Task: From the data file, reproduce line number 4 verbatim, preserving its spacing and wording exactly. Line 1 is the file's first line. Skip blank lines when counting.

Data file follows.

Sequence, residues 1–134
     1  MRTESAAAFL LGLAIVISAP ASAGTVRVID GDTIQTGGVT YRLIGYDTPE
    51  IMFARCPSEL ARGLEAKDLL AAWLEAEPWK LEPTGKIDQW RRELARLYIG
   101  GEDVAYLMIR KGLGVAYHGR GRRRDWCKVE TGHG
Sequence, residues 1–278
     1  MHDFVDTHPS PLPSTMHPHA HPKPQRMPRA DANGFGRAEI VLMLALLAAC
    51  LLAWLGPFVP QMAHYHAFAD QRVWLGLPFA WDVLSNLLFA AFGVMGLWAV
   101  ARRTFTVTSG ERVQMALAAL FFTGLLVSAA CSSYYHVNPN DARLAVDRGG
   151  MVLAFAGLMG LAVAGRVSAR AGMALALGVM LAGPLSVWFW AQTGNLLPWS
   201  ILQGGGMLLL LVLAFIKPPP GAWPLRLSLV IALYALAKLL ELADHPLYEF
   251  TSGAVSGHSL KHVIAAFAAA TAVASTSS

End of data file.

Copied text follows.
   101  GEDVAYLMIR KGLGVAYHGR GRRRDWCKVE TGHG